Guaranteeing the conditions for free, fair and competitive elections remains the dominant immediate challenge for the government. But more needs to be done to protect local government from the influence of illegal armed groups over the long term. The National Electoral Council (CNE) must be strengthened and become more independent. Congress needs to update and simplify Colombia’s diverse electoral rules. Political parties must establish stronger internal structures and develop a culture of accountability. These changes will ultimately be insufficient, however, if local government continues to lack the institutional capacities to guarantee democratic, clean and efficient management of its affairs.


To provide the conditions for safe and secure local elections

To the Government of Colombia:

1. Review methods and criteria currently applied to identify security threats, link its risk assessments to those provided by civil society organisations and rigorously implement measures to provide security to candidates and political organisations, without discrimination.

2. React in a timely manner to all threats to candidates or social activists, as well as to early warning reports from the ombudsman office, and ensure that officials who fail to act comprehensively on threats or early warning reports face legal consequences.

To reduce the influence of politicians linked to illegal armed actors

To Political Parties:

3. Screen prospective candidates rigorously before endorsing them and reject all with a questionable past, including those who are close relatives of politicians linked to paramilitaries or who are put forward by politicians linked to illegal armed actors.

To prevent illicit campaign financing and electoral crimes and improve transparency

To the National Electoral Council (CNE):

4. Direct Sectional Electoral Guarantee Tribunals to make more active use of their competence to audit campaign accounts during the electoral process.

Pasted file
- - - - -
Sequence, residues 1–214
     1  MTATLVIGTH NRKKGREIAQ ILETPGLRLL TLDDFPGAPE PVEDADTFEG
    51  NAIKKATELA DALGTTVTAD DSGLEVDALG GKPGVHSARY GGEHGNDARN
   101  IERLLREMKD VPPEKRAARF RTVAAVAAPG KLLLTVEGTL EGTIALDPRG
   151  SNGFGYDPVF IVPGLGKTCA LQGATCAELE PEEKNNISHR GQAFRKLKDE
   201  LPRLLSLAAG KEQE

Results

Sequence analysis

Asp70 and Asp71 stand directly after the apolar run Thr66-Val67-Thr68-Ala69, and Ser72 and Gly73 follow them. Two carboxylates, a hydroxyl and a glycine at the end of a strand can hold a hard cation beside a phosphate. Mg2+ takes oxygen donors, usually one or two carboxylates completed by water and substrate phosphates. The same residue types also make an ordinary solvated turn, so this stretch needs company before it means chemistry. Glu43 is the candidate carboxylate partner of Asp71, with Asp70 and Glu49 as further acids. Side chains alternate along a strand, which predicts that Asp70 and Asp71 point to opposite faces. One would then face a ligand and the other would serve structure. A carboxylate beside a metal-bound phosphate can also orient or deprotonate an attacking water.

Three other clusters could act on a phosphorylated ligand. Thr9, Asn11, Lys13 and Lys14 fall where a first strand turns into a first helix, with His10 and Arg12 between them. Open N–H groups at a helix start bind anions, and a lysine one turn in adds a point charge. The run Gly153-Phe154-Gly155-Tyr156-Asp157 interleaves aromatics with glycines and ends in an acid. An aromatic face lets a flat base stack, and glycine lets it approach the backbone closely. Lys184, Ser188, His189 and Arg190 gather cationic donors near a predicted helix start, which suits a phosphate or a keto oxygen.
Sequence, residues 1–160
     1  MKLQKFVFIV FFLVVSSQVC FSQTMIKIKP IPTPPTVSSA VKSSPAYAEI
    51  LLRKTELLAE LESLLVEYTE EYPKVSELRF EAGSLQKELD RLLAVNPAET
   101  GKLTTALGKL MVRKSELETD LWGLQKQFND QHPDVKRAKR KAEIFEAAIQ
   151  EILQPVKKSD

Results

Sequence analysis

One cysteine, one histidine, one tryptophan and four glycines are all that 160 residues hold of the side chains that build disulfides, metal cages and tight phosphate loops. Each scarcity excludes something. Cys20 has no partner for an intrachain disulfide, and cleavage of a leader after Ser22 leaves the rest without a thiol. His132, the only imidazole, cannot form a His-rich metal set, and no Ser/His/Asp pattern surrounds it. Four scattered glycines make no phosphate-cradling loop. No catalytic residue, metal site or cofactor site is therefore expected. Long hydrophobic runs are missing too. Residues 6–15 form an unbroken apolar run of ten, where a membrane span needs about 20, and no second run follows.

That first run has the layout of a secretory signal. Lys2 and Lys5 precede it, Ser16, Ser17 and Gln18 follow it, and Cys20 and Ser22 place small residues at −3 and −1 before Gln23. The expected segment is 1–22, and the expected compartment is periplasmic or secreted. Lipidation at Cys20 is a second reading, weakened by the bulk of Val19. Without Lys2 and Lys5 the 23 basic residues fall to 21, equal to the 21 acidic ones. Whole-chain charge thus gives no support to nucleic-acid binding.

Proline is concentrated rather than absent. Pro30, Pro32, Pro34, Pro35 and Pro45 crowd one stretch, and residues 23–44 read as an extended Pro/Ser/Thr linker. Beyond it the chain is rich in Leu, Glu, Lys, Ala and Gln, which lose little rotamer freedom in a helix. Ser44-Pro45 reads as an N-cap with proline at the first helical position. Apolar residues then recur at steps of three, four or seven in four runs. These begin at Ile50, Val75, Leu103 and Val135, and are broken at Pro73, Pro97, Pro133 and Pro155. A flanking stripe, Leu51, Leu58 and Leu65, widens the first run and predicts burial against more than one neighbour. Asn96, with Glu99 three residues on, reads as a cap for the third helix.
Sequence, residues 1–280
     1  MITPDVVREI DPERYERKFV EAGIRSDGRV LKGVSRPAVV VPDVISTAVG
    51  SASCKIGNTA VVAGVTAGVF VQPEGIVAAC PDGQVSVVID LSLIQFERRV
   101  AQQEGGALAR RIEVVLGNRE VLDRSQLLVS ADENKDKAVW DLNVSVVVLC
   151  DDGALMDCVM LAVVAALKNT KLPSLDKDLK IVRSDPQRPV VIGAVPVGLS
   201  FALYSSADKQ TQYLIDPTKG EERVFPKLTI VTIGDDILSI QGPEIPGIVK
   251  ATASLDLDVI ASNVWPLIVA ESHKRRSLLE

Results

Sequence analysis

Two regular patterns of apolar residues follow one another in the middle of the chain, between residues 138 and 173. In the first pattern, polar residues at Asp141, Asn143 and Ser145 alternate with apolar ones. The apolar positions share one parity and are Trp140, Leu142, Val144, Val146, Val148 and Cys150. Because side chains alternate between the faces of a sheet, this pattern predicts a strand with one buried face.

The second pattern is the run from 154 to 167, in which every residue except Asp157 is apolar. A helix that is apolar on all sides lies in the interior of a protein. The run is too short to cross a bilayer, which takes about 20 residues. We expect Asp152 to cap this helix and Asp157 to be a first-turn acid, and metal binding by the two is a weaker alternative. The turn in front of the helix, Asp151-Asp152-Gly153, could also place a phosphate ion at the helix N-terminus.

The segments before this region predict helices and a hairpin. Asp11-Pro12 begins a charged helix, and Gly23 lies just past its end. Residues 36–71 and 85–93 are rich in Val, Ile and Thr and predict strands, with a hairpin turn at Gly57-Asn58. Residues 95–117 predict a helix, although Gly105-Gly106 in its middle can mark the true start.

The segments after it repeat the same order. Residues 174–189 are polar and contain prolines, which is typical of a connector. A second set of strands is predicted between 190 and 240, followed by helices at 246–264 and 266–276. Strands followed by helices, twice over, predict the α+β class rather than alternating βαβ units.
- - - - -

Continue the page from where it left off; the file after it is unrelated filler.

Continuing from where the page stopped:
To Political Parties and Candidates:

5. Voluntarily and publicly report campaign contributions and campaign spending well ahead of the elections.

To the Government of Colombia:

6. Launch a campaign immediately to increase awareness among political organisations, candidates, contributors, media and civil society of campaign finance rules and the changes introduced in the 2011 political reform.

7. Provide additional resources to the National Civil Registry to ensure that the biometric voter identification system can be used in the 2011 elections, at least in the departments at highest risk of electoral fraud.

8. Improve, through the interior and justice ministry, public access to the records of the Immediate Reaction Unit for Electoral Transparency (URIEL), making it easier for the electorate to hold institutions accountable for follow-up on complaints.

To the Government and Congress of Colombia:

9. Provide additional resources to the attorney general’s office to ensure that a dedicated unit for electoral crimes becomes operational and produces concrete results as quickly as possible.

To maintain a level playing field for all candidates

To the Offices of the Attorney General, the Public Prosecutor and the Comptroller and to Courts:

10. Prosecute and if applicable impose sanctions expeditiously against unlawful interventions of incumbents in the electoral campaign.

11. Monitor closely the execution of public reconstruction works following the heavy rainstorms and follow-up rigorously on accusations of misuse of those resources by local incumbents for political purposes.

To guarantee that political rights of vulnerable populations are protected and promoted

To the Government of Colombia:

12. Communicate clearly ahead of the elections that access to state subsidies and support programs such as Families in Action is a right, not a political favour.

To the Government and Congress of Colombia:

13. Introduce instruments and mechanisms that more effectively protect political rights of internally displaced persons (IDPs), including considering the possibility to grant them the opportunity to cast absentee ballots away from their original residence, as well as introduction of seats reserved for them in local governments.

To strengthen scrutiny and reporting of the electoral process and confidence in the results

To the Government of Colombia, the Office of the Attorney General and Electoral Institutions:

14. React in a timely way to threats to journalists, not only by providing protection, but also by swiftly investigating the origin of threats and prosecuting those responsible for them.

15. Ensure that journalists and civil society organisations have equal and unhindered access to all official electoral information.

16. The government should invite the Organisation of American States (OAS) to send an electoral observer mission, equipped with an extensive mandate, so as to ensure international scrutiny, including during the pre-electoral and the post-electoral stages, focusing on:

a) departments and municipalities exposed to high risks of violence and/or electoral fraud; and

b) ballot counting, in particular if the procedural changes in the political reform law are implemented for the October elections.

To Candidates and Campaign Officials:

17. Pledge publicly to respect the work of journalists during the campaign and contribute to an informed electoral debate.

Bogotá/Brussels, 25 July 2011